Author and sales rep Dale Corvino moved to Hell’s Kitchen in 2010 and feels right at home in this “noisy and convenient” neighborhood. Here is Dale’s West Side Story.
So, what’s your New York story? Born here, or just arrived?
I was born in Bay Ridge Brooklyn. My family had already moved out to Long Island, but my mom drove herself in to deliver me with the family doctor, Dr Mussio, who had delivered her. I was raised on the South Shore of Long Island but ran back to the city at 18 to attend Cooper Union. Ah, the East Village in the 80s! I moved to W34th Street (Lower Hell? Hudson Yards adjacent?) in 2010. I love being at this nexus of movement. Noisy, but convenient.
What was your first job? What do you do now?
First job was at a Country Club down the street from my house. It didn’t last. They wanted me to work on Easter Sunday and that was out of the question — it wasn’t that we were that religious, it’s just that family dinners on Sundays were central to my upbringing. My grandma pulled together Italian feasts from the dual bounties of her kitchen garden and the creek that ran behind her house, where we dug for clams, picked mussels and trapped crabs.
Today I’m a sales representative for Harley-Davidson licensed merchandise in the northeast. I’m not a biker, I just sell biker stuff. I’ve been at it for the past decade, traveling the Northeast. This month marks a turn: my debut collection of short stories is being published by Rebel Satori Press. It may not earn me a living, but it’s a start! It’s called Bonds & Boundaries. The collection examines bonds, boundaries and queer longing. In the first section, Beacons, characters grapple with the pull of families, biological and chosen. The sex workers depicted in Vectors ride the raw edges of boundaries set, crossed and broken. Characters in the final section, Afterlives, bear displacement, loss and digital estrangement.
What’s your favorite New York minute (or moment) so far?
Walking home from a friend’s party with a group of fellow guests, reminiscing about a memorable performance at the Pyramid Club where a drag queen dressed as an opera singer was lip-syncing to an aria and on the high note she rose up to double her height (she was on the shoulders of someone under her long gown) and a person I was walking with turned to me and said, “That was me.” It was Chicklet.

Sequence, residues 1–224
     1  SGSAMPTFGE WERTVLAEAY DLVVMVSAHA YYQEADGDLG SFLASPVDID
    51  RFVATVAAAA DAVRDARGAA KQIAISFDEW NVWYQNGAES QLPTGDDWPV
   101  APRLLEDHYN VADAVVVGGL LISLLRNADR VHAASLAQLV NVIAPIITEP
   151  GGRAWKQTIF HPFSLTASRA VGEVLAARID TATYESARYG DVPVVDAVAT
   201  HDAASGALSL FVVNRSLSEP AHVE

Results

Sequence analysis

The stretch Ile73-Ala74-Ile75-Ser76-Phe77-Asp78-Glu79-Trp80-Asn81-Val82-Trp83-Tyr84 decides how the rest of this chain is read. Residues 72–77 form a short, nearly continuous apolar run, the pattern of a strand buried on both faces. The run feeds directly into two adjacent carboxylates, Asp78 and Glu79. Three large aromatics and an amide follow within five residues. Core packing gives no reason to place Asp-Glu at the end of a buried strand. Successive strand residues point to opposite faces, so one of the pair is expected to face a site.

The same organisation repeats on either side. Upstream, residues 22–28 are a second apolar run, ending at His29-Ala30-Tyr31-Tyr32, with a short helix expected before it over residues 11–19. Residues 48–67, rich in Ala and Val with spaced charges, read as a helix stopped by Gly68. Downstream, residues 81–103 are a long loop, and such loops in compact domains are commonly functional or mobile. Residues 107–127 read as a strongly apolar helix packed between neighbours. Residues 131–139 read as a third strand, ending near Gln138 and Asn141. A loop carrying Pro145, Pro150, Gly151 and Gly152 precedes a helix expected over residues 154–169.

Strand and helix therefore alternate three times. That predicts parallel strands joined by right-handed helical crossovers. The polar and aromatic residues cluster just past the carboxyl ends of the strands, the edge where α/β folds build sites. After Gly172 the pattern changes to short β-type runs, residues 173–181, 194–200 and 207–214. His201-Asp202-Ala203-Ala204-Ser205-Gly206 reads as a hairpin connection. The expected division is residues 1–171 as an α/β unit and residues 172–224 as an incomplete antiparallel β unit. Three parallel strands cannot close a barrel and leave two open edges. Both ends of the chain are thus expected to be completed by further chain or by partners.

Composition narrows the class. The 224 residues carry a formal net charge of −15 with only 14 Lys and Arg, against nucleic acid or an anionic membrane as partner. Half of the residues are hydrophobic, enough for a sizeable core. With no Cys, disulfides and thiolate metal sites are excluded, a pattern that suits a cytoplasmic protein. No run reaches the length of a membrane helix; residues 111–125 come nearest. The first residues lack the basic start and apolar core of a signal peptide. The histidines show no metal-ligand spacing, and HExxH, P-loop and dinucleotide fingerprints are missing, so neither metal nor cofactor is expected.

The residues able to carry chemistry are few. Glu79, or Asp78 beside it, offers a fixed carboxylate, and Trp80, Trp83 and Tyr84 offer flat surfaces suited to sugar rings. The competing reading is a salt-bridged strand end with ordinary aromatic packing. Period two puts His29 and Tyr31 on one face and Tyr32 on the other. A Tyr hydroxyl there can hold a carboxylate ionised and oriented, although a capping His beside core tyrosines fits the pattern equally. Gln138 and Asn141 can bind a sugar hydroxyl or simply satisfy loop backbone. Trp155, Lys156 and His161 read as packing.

Share with us why you love Hell’s Kitchen
I love the raucous and libidinous Hell’s Kitchen, artists and working people side-by-side, the feast along 9th Avenue, the walk-ups and the brownstone blocks, the small theaters, the ferry terminal, the escorts, the actors, the musicians.
What’s your superpower or hidden talent?
I’ve been writing while on the road for the past decade and while I love a good coffee bar, I’ve found that I can write in subways, trains, ferries, airplanes and hotel rooms.
What else should we know about you?
I met my husband JP in Boston while on the road and in 2019 we got married at the Marriage Bureau down on Worth Street. We had a girlfriend come along as a witness and afterwards we all went to Wo Hop.
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Dale’s Favorite Hell’s Kitchen Places
Tabata — 540 9th Avenue (bw W39/40th St)
This is our go-to on nights we don’t feel like cooking. Love the gyoza and the ramen. We dine in or order for pick-up.
Playwrights Horizons — 416 W42nd Street (bw 9th/Dyer Ave)
I saw A Strange Loop in preview in 2019 and it was an absolute marvel. I raved about its queer inventiveness and the performances, especially of my friend John-Andrew Morrison. Was not surprised to see it move on to a Broadway run and a Pulitzer. That’s the power and potential of our generative “off” stages.
Frances Perkins Place — W46th Street & 9th Avenue
I’m so glad that the amazing Frances Perkins was recognized in this way and was proud to write the letter in support when serving on Manhattan Community Board 4‘s Transportation Planning Committee: “Frances Perkins was a lifelong advocate for social justice, economic security, and the rights of working people. She lived for a time in Hell’s Kitchen and initiated her career in service to the public good at Hartley House.”
Poseidon Bakery — 629 9th Avenue (bw W44/45th St)
This place has been here forever, and sometimes for a party the easiest thing to do is to order a tray of spanakopita and another of baklava.
Stiles Farmers Market — 476 9th Avenue (bw W36/37th St)
This a small but well-run market with a surprisingly good and well-priced selection of fresh produce and staples.
Signature Theatre — 480 W42nd Street (bw 9th/10th Ave)
Signature Theatre also stages amazing, original productions — and their lobby/coffee bar area is my favorite spot for one-on-one meetings. I also do a lot of writing there.
Frankie’s Pub — 692 10th Avenue (bw W48/49th St)
A new LGBTQ bar in HK. I hope it becomes a favorite after I read there earlier in October as part of a revival of the “Reading for Filth” literary salon, which was started by my late friend Dean Johnson in the 2000s in the East Village.
You can follow Dale on Instagram @dalecorvino. If you know someone who would make a great West Side Story (or you would like to nominate yourself), please fill in this form — w42st.info/WSSnominations
You can check out more West Side Stories and reader recommendations on W42ST’s Hell’s Kitchen Local App.